Favorite line from the a handsome bass player: "I mean, how do people go out and do stuff like you do and still have time to clean house and do laundry?"

We all do what we gotta do, maybe just a little faster, my friend.

By the time Long Arms took the stage, I was deep in conversation with another friend, this time about women who send texts to male friends about their significant others.

Best line in that chat: "Tuesday's generally the big hookup day, right in the vortex of the work week."

I swear, I just sat down in a stool and they talk to me.

Not all of them because many of them were outside on the deck smoking away.

Poe's is nothing if not smoker-friendly and I couldn't get over the clutch of smokers in heavy coats and hats out there throughout the evening.

Violinist Treesa Gold of Long Arms had told me that anytime you see a picture of her playing in the band, she looks happy because she enjoys it so much.

Actually, they all- two guitars, keys, drums, bass, violin- looked like they were having a blast.

The music is fun, part rootsy, part punk and part alt-country with James wowing the girls with his casual indifference and earnest energy.

And he's funny, too, saying things like, "Being pretty's my full time job."

"That's the stuff bumper stickers are made of," a friend said sotto voice afterwards.

Songs rolled out seamlessly from James saying, "This song is about a gunslinger" (he's no doubt an expert) to "Downtown Dreamer" to dedicating a song to "A guy I met in Memphis and I'm looking at him right now."

From the band's opening notes, an uber-fan danced directly in front of the band, clearly having too much fun.

When James wanted to get really earnest, he pulled out his harmonica and made the little girls swoon.

"Get it cookin', Son!" someone called from the crowd.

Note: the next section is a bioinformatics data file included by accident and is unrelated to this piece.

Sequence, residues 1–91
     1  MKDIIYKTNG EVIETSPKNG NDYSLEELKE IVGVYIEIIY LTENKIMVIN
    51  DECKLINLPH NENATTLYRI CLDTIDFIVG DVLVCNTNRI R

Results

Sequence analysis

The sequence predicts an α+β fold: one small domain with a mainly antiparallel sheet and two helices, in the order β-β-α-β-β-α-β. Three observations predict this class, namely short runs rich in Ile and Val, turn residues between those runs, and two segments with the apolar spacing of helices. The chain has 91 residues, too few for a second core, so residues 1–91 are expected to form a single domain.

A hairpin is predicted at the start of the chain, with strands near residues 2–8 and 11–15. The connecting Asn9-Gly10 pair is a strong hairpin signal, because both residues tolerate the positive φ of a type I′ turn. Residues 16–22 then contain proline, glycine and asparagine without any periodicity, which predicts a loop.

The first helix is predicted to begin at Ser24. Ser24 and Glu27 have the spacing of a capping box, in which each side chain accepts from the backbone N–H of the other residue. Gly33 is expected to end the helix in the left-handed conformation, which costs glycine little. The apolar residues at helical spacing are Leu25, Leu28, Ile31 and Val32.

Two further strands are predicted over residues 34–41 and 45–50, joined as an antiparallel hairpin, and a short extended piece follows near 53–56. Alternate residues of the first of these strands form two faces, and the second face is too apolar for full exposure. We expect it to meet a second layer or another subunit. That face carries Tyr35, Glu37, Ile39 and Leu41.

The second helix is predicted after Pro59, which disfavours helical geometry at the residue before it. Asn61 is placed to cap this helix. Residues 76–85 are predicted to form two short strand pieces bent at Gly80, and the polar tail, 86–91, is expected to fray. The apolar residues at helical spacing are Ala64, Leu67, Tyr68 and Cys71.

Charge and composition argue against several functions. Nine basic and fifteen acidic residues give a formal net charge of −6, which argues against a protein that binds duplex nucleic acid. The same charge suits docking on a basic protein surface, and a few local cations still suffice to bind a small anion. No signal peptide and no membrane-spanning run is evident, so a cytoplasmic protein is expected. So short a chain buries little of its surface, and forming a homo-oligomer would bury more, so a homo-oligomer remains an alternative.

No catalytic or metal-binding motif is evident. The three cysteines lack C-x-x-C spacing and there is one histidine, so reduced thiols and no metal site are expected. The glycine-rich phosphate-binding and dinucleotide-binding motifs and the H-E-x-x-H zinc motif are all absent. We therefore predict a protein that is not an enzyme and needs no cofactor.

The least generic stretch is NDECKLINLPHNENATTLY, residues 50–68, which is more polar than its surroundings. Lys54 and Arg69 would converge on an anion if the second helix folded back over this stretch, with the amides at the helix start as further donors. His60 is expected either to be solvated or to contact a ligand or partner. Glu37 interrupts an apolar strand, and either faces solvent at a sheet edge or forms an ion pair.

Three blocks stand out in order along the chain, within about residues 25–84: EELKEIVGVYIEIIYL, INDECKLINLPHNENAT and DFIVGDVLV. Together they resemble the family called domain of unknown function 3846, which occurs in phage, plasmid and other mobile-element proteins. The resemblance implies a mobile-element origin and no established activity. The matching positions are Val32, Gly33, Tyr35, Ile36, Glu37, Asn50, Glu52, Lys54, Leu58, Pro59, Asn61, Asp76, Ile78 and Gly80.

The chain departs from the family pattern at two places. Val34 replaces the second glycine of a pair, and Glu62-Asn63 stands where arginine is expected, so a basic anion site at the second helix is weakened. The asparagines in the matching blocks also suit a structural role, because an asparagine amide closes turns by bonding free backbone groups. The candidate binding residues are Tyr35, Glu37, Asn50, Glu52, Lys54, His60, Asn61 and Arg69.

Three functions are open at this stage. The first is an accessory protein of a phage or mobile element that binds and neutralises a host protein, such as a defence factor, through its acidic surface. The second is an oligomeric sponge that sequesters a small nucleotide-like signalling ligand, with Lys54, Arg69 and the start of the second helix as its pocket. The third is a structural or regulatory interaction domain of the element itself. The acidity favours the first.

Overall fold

Man-about-town Prabir joined me for the set, an interesting companion because he used to be in Long Arms.

Watching intently, he commented on how weird it was to be watching another guitarist perform the parts he'd written.

After a particularly tasty little part, he noted with satisfaction, "Well done."

The man should know.

"Great drummer," a friend observed to me. "He never misses a beat."

After one particularly rousing song, "New Lovers' Dance," James announced, "That song was dedicated to Karen," although neither I nor Prabir could hear his explanation why that was.

It's not the why, James (although I'd love to know), it's the act.

Treesa's violin (like Lucas' trumpet in the last band) added an unexpected dimension to the band's already dynamic sound.

To close the show, James pulled out all the stops (meaning his harmonica) and the dancing man was joined by a certain violinist's husband, dancing mightily with his dashing hat in hand.

Nobody was happy when the show ended because everyone was having such a good time..

Waiting in the perennially long post-show bathroom line with other women, I promised the girl behind me I'd be quick.

My bathroom speed has long been legendary.

When I stepped out moments after going in, she bowed to me.

The next girl in line was even more direct.

"We should all buy you a shot!" she exclaimed, speaking of herself and the others still in line.

Yea, you should, honey.

But we're still operating in holiday mode, so I'll let it slide.

No comments:

Post a Comment